The politics of pot : marijuana use and the potential for collective action.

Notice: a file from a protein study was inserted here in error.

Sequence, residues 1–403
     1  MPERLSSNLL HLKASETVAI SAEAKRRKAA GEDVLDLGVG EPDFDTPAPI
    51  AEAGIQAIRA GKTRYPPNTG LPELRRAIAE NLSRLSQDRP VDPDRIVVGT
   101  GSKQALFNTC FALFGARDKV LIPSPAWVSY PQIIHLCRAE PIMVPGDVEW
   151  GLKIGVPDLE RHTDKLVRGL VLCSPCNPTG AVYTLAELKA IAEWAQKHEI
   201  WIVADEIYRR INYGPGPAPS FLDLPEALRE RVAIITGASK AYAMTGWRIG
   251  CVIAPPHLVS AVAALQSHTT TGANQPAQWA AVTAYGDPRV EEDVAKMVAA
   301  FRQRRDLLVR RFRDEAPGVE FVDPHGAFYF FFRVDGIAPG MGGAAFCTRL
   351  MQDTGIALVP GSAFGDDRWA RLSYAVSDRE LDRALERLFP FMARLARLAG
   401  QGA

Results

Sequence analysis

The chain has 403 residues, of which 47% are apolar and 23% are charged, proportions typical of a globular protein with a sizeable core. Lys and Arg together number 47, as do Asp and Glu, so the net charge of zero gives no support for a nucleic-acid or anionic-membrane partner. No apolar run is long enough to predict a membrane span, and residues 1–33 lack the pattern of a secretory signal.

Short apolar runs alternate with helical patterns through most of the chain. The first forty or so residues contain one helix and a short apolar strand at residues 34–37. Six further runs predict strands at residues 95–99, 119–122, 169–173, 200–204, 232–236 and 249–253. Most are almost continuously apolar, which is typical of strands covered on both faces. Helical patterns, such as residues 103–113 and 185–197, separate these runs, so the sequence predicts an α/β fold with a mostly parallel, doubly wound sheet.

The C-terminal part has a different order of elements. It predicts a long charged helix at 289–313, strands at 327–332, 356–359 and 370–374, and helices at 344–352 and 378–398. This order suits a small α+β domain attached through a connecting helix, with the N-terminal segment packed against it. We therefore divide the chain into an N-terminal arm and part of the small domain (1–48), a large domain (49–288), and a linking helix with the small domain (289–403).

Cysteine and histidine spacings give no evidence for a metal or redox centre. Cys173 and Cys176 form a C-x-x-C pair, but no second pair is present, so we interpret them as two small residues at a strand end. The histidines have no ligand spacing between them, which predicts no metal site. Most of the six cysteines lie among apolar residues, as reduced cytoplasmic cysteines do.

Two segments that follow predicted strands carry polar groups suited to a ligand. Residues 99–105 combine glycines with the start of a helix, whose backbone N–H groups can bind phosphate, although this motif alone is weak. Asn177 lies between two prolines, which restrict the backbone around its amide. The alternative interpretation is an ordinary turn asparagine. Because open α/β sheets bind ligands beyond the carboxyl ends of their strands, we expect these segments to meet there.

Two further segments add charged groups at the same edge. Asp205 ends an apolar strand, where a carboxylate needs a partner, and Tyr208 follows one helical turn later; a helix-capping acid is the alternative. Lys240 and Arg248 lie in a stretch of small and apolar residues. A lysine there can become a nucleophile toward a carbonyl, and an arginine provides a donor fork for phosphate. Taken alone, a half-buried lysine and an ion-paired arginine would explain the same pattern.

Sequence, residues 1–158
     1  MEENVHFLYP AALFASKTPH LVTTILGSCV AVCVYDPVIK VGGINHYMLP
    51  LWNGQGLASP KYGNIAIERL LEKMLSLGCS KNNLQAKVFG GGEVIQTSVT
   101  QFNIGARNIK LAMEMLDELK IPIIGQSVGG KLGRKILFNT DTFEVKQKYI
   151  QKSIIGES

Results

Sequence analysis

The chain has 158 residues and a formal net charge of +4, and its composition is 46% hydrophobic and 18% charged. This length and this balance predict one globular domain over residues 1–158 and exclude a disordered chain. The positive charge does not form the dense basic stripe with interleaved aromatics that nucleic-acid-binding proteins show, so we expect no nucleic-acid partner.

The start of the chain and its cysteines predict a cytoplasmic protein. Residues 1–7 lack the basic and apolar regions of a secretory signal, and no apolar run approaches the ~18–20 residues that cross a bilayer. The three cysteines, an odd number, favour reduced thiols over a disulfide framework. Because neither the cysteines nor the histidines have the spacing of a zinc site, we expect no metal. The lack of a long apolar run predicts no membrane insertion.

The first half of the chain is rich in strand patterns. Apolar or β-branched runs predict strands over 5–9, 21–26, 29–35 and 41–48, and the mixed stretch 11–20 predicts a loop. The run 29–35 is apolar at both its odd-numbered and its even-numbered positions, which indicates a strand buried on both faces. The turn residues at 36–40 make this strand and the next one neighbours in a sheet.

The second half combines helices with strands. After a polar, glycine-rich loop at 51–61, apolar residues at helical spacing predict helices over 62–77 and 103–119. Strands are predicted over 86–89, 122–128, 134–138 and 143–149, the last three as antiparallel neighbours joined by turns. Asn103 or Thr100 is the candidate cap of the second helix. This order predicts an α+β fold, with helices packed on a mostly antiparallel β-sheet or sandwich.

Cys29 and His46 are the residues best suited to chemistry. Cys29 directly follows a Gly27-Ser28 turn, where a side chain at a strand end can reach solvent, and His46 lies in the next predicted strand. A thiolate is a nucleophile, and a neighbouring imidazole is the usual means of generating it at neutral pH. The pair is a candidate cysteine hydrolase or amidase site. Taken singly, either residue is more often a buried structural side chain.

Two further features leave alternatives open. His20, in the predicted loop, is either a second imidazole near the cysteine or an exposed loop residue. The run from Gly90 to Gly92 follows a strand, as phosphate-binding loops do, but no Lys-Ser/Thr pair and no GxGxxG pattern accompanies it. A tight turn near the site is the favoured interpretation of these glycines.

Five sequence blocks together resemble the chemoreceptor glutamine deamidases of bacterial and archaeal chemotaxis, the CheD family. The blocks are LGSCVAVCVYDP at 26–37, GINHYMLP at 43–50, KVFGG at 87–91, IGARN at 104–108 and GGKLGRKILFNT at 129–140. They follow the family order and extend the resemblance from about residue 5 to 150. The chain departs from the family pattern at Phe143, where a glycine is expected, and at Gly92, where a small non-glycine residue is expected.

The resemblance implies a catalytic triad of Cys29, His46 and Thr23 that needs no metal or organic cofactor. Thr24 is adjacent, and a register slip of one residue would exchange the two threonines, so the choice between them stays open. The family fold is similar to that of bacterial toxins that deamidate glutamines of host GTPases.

Marijuana and its legal status occupy a lengthy and controversial place in United States history. Penalties for marijuana use and distribution have increased in severity alongside the number of individuals who annually consume the drug. This has spurred skepticism regarding the effectiveness of prohibitive drug policy, especially when considering the harsh consequences that penalties place on individuals. To the dismay of the federal government, skepticism has manifested into political action by American state governments that have begun legalizing marijuana use for medicinal and recreational purposes. Using nationally representative data from the Baylor Religion Survey, I find marijuana users are more likely to publicly protest as well as attend political rallies than those who abstain from using. These findings hold true for public protest when separating the sample by political party identification. However, political rally attendance only shows significant relationships for marijuana users who describe themselves as politically independent.